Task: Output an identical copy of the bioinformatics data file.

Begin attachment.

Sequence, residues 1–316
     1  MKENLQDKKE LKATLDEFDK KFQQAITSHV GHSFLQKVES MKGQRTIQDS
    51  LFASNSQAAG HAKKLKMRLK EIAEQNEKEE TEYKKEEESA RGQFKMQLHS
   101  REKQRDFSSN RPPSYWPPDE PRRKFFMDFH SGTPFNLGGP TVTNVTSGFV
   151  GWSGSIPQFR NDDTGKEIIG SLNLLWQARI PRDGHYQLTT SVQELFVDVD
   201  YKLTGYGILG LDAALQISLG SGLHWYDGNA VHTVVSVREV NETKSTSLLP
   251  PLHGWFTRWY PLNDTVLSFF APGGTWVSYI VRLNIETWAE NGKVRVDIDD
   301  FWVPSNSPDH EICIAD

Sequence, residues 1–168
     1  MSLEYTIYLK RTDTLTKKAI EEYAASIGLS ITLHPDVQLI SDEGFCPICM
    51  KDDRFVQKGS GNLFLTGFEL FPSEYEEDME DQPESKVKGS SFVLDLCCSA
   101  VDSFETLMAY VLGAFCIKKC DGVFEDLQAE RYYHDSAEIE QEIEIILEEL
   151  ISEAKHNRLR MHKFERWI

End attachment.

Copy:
Sequence, residues 1–316
     1  MKENLQDKKE LKATLDEFDK KFQQAITSHV GHSFLQKVES MKGQRTIQDS
    51  LFASNSQAAG HAKKLKMRLK EIAEQNEKEE TEYKKEEESA RGQFKMQLHS
   101  REKQRDFSSN RPPSYWPPDE PRRKFFMDFH SGTPFNLGGP TVTNVTSGFV
   151  GWSGSIPQFR NDDTGKEIIG SLNLLWQARI PRDGHYQLTT SVQELFVDVD
   201  YKLTGYGILG LDAALQISLG SGLHWYDGNA VHTVVSVREV NETKSTSLLP
   251  PLHGWFTRWY PLNDTVLSFF APGGTWVSYI VRLNIETWAE NGKVRVDIDD
   301  FWVPSNSPDH EICIAD

Sequence, residues 1–168
     1  MSLEYTIYLK RTDTLTKKAI EEYAASIGLS ITLHPDVQLI SDEGFCPICM
    51  KDDRFVQKGS GNLFLTGFEL FPSEYEEDME DQPESKVKGS SFVLDLCCSA
   101  VDSFETLMAY VLGAFCIKKC DGVFEDLQAE RYYHDSAEIE QEIEIILEEL
   151  ISEAKHNRLR MHKFERWI